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Confession: I'm Not Fashionable

Updated: 5 days ago

I have a strange confession to make as a stylist:

I'm not fashionable.

No really, I'm not! And I am ok with that. But that doesn't preclude me from being stylish. There's a big difference.

Fashionable is the behavior of following the latest instruction on how to be current, wherever it may come from: the catwalk, high end department stores and high street shops, influencers, magazines, or even the outlier kids who make a quirky trend popular. Fashion is the newest, the latest, the look of the moment, and it's constantly evolving, especially as fast fashion now has 52 seasons a year. (Seriously. Some of those turn-and-burn stores put out a new line every week.)

For me, trying to keep up with that is mental gymnastics - do you have the right collar? Bag? Shoes? Is my shirt tucked in (or out) right? What about cuffs or length or waist height of your pants? Skinny or wide leg? Narrow straps or wider ones? Mini, midi or full length skirts?

While yes, you do want to look like you're part of the current culture, it costs a fair amount to do so (or if you're not paying much, are you worried about contributing to the fast fashion churn?). The other aspect is how to make each of those trends play nicely with each other: you don't want to have to chuck everything out each season and start new. So where's the balance between looking "with it" and being true to yourself?

It's actually quite simple. It's style.

As Clinton Kelly puts it so succinctly:

Fashion is what's available in the stores. Style is how you wear it.

Ah - there's the key. Style is what you do with each of those pieces you buy, how you put an outfit together, how you accessorize. It sets you apart from others, and if you're particularly good at it, someone could recognize your style without you actually wearing the clothes.

Think of Queen Elizabeth - a cartoon of her hat, coat, and handbag is still identifiable as her, even if her face isn't drawn. That concept made her - technically - the world's most stylish woman. Iris Apfel was another. Depict just the glasses and layers of necklaces, and you'd know exactly who you were looking at.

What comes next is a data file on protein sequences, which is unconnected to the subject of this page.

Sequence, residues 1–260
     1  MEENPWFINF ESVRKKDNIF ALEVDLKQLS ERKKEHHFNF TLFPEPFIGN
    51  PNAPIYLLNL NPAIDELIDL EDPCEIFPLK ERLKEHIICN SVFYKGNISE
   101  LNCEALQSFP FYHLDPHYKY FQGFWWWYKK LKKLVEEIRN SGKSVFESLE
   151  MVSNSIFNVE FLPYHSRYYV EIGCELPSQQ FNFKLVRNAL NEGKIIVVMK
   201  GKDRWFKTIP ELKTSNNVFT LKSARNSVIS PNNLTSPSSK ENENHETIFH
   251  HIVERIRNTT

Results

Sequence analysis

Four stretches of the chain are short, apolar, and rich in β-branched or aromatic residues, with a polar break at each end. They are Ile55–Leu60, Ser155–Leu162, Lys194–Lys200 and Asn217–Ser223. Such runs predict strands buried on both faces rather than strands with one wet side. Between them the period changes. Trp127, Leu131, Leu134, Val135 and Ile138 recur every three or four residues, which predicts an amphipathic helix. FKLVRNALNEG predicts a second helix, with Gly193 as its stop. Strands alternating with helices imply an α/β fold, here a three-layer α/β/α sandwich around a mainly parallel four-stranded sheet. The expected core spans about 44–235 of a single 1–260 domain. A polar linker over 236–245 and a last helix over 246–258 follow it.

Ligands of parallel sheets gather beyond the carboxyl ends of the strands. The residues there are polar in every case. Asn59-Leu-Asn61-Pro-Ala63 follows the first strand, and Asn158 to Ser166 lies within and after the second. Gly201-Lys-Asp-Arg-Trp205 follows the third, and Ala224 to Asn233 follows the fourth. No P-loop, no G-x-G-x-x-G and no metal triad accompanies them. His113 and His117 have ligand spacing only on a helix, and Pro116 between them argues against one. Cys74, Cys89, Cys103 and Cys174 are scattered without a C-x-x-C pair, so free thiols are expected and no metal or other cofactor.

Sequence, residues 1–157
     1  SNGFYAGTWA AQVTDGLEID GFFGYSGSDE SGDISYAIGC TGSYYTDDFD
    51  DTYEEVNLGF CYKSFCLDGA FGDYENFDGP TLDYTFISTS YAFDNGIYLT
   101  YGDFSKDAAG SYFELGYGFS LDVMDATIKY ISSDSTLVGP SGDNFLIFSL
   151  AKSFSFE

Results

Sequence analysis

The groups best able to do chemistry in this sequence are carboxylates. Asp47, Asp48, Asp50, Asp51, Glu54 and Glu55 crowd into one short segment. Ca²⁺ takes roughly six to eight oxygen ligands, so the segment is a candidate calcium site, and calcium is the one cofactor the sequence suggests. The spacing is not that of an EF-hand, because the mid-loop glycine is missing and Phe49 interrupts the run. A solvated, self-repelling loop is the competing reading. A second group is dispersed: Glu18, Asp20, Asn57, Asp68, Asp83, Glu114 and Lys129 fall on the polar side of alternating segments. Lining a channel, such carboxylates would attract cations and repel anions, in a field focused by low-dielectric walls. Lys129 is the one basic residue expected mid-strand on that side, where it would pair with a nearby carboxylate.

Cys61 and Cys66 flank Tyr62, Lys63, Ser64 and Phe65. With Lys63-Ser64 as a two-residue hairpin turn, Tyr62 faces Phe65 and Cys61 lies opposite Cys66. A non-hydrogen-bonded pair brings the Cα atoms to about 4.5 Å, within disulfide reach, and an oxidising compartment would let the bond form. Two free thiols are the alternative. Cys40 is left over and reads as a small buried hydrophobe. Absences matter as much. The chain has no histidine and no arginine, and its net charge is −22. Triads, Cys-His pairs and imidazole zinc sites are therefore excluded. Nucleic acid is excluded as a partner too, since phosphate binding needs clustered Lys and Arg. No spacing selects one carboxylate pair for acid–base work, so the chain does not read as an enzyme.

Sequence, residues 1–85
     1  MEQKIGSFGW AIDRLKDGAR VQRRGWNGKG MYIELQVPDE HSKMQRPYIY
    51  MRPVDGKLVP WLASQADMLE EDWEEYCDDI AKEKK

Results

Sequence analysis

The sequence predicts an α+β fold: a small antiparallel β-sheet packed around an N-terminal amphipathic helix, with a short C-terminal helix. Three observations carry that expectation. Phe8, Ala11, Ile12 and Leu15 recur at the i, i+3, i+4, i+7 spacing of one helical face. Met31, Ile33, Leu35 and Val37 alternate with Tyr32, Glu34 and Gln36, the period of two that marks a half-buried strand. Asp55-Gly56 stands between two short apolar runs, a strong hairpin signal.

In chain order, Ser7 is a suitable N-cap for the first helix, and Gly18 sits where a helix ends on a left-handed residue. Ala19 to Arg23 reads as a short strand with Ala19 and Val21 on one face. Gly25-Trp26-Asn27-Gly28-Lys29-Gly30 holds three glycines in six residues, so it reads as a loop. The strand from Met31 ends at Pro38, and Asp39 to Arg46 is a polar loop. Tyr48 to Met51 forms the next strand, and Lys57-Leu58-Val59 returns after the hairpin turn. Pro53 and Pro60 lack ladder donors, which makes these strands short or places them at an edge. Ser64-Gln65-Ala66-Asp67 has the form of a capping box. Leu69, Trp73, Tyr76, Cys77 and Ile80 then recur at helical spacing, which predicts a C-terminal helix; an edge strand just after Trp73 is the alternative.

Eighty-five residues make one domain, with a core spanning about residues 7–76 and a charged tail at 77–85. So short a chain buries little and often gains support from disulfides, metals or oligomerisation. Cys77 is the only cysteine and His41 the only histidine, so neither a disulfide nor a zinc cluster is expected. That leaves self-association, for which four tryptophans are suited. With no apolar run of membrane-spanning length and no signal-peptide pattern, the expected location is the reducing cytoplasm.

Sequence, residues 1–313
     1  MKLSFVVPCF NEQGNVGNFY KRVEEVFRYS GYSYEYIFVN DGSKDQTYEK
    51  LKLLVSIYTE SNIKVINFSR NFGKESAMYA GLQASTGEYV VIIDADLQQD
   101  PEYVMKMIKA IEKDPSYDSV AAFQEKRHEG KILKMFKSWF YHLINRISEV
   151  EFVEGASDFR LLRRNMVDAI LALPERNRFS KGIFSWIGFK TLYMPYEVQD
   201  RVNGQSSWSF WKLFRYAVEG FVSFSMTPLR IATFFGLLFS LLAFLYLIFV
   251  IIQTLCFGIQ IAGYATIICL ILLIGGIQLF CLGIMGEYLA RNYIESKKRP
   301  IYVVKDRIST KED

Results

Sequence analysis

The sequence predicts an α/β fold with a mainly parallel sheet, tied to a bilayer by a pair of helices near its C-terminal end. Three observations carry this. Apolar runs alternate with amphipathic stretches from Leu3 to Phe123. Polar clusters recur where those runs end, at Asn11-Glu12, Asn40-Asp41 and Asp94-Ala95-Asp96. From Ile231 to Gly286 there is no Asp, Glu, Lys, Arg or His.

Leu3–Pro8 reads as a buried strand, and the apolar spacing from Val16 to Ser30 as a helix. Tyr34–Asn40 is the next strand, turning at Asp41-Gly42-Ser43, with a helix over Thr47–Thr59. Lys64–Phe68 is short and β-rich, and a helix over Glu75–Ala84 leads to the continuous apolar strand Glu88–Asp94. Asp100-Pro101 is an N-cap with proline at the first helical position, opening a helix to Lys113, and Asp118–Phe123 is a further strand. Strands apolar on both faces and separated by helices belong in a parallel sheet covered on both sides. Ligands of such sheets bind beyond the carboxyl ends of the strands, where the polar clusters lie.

Your friends might do this at a shop - they hold up a piece and say, "Oh, this is so you!" They're recognizing your style. This isn't to say you need to have a uniform, but they're seeing a piece and know that it fits your aesthetic, sensibilities, and character in a way that aligns with what you've previously worn.

This should never stop you from trying something new, though! You never know where your next evolution may come from, the next piece in your wardrobe that might just be the piece you wonder how you ever lived without! One wonderful lady in Springfield - she's in her 70's - confessed to me that she bought her first leather jacket last month and it's been a go-to ever since.

Your style will change and shift and grow, just as you do. I mean, I'd hope that the clothes you're wearing today are as different as you are from the you in your 20's. But they will continue to reflect you, to make a statement to those around you about who you are.

I find that the pieces I absolutely love in my wardrobe are often timeless, classic styles. While they were very current at the time I bought them, they've managed to transcend that particular trend and continue to serve me well today. I like that - it means that I have a good foundational wardrobe that I can supplement with new pieces easily and I spend a lot less on clothing that I used to. It also helps that I know my three words (learn more about that here!) so what I buy has a consistency to it, and the occasional outlier is just something fun to play with for a little while.

Here's a good example: The jacket is White House Black Market circa 2009, the boots are Enzo Angiolini from 2001, and the dress is Ann Taylor Loft from 2020.

The thing is, this is what works for me. For you? Try different things, embrace current fashions or head to the vintage store - whichever you find suits you best. There's no right or wrong answer here, but however you dress, that's your style!

How would you define yourself?

  • 0%Fashionista

  • 0%Stylish


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